China's recent anti-monopoly law enforcement may be less about targeting foreign companies than it is about combating a potential threat to social order: income inequality.
"Many foreign companies, by virtue of having strong brand positions, can add additional margins," Ben Cavender, an analyst at China Market Research Group, said. "They're sending a signal to firms that they can't get too greedy," he added.
"They're worried about wealth inequality," he said, noting that in the wake of the mainland's economic slowdown, many wealthy individuals are continuing to benefit even as average consumers struggle.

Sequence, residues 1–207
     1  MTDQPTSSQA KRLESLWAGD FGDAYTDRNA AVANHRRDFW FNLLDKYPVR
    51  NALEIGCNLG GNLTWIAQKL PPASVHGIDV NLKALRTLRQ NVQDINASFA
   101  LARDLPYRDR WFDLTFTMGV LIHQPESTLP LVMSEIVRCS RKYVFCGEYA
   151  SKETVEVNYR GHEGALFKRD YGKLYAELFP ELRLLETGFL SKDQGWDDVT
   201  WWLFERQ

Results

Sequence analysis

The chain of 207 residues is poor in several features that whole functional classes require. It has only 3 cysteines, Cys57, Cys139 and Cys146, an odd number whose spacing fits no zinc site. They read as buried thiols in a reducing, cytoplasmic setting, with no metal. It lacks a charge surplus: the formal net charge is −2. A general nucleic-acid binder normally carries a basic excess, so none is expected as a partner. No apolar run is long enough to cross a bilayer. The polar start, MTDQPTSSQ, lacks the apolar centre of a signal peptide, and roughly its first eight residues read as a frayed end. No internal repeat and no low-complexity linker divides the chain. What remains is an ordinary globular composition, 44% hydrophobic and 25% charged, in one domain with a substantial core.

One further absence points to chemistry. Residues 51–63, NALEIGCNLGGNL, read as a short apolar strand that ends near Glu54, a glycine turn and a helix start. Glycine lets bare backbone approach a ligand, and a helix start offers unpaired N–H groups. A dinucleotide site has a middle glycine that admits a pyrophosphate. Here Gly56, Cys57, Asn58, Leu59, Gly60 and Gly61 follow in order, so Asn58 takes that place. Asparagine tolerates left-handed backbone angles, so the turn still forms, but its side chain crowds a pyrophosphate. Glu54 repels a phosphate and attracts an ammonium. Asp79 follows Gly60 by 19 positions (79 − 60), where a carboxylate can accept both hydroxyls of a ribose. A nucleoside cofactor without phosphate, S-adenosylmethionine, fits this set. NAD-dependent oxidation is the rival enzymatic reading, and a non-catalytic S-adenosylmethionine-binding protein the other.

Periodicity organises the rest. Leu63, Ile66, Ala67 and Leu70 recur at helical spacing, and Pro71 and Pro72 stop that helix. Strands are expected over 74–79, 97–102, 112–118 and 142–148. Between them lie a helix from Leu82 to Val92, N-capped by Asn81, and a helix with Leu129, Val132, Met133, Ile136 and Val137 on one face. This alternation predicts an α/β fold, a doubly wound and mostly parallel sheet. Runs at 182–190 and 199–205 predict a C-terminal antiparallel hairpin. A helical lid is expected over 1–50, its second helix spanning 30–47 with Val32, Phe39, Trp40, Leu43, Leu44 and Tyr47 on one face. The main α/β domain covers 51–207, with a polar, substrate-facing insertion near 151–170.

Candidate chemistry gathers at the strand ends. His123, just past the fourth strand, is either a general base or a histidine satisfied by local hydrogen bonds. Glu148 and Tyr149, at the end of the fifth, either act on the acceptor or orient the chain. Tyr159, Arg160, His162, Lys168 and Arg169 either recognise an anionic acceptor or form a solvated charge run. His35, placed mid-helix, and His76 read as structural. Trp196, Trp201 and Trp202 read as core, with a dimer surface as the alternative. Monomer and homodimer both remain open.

China's gini coefficient, an indicator of the concentration of wealth in a society, is around 0.55, indicating a "severe" gap between rich and poor, compared with 0.45 in the U.S. and 0.30 in China in 1980, according to researchers at the University of Michigan. The scale ranges from zero to one, with zero indicating complete equality. The U.N. calls levels above 0.4 a predictor of social unrest.